Although the Egyptian government has long been an enthusiastic promoter of small and medium enterprises (SMEs), up until recently, financing institutions did not have a unified definition of what makes an SME. According to Haytham Waguih, Head of Private Equity (PE) at the Arab African International Bank (AAIB) and board member at the Egyptian Private Equity Association (EPEA), the absence of a single unified definition for SME has meant that investment funds and banks across Egypt often use very different parameters. Last December, the Central Bank of Egypt (CBE) released a circular re-defining small, medium and micro-enterprises – a move that Waguih lauds as key to establishing a solid foundation for funding entrepreneurs moving forward.
In January of this year, the CBE launched a program to finance 350,000 SMEs for EGP 200 billion (US $22.5 billion) over the next four years, with a declining interest rate of 5% annually, and introduced a policy that will oblige banks to commit 20% of their total loan portfolio to SMEs. But in spite of these recent policies, the government still lacks a systematic and methodical approach to address entrepreneurship, which, according to Waguih, is one of the keys to fostering a climate for the growth of the sector. “There is urgency and pragmatism in terms of developing a methodology and mechanism on the ground that are still lacking,” he notes.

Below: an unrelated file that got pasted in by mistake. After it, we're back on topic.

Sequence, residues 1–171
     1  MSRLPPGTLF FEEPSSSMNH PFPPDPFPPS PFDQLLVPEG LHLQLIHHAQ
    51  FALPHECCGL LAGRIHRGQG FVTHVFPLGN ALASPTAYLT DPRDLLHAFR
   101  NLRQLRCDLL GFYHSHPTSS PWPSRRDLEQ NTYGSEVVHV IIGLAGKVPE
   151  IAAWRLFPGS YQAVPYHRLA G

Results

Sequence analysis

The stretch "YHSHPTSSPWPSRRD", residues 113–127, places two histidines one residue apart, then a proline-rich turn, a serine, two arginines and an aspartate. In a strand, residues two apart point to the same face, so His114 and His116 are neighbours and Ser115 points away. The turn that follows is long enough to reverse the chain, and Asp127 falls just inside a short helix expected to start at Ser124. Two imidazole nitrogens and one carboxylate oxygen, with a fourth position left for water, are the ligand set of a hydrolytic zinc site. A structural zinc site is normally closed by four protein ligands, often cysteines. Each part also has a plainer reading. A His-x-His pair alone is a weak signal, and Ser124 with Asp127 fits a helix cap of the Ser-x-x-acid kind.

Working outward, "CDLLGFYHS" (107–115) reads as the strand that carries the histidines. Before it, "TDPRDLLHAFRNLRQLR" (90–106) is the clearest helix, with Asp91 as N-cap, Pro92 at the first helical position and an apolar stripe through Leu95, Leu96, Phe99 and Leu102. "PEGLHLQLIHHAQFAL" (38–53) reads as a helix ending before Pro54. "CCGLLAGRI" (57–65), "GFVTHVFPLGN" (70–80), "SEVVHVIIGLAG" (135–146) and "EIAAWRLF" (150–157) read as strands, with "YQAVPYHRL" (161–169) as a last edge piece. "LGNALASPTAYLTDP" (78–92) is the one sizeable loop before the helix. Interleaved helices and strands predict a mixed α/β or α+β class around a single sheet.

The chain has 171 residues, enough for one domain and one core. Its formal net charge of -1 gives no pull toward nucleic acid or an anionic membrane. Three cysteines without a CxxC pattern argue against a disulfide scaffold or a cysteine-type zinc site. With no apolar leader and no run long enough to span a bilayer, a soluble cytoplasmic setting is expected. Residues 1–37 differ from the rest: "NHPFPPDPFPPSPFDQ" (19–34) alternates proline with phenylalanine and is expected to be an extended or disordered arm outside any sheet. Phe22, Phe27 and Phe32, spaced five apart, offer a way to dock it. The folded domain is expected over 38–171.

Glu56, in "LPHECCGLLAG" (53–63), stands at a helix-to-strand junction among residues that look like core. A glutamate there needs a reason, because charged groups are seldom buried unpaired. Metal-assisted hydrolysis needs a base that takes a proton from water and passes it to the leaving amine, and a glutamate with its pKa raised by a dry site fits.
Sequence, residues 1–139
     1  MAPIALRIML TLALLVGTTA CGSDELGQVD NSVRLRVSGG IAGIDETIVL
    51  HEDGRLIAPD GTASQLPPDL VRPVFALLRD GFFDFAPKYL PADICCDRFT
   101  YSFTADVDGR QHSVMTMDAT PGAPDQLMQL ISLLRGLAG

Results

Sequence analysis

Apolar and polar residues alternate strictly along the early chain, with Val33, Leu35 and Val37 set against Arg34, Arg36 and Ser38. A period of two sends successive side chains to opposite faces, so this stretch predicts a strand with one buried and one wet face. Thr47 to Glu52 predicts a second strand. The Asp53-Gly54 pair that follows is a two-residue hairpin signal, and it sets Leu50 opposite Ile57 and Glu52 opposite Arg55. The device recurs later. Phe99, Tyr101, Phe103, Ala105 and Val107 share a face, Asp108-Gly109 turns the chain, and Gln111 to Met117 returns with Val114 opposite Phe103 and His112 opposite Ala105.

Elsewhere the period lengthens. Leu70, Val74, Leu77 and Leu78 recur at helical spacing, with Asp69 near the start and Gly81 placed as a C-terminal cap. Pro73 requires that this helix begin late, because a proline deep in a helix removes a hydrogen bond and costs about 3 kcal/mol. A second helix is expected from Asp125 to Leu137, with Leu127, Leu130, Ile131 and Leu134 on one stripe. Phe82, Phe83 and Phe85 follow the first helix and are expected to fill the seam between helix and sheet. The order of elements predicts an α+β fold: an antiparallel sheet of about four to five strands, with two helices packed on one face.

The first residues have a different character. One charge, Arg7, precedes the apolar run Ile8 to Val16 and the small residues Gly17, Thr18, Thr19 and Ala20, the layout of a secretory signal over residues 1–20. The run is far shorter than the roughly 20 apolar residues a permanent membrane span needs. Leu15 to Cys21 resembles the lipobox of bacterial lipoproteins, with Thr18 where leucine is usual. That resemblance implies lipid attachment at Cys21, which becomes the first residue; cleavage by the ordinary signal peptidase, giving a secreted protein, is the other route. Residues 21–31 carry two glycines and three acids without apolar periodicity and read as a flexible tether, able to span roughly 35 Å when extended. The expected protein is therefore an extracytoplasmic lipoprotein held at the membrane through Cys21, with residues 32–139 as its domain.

According to Ayman Ismail, Assistant Professor and Abdul Latif Jameel Endowed Chair of Entrepreneurship and Director of the American University in Cairo’s Venture Lab, reform of the macroeconomic environment is key to attracting more entrepreneurs and businesses to Egypt – although he prefers a more minimalist role when it comes to government. “There are two types of interventions by the government: one is doing things themselves and the other is creating the environment to help people start doing things. I believe that the government should be a catalyst for more private accelerators and incubators by supporting them and creating a conducive environment for startups,” he says. “The biggest thing the government can do for entrepreneurs is to clear the bureaucratic hurdles. This helps all companies, but more so the younger ones that are more vulnerable.”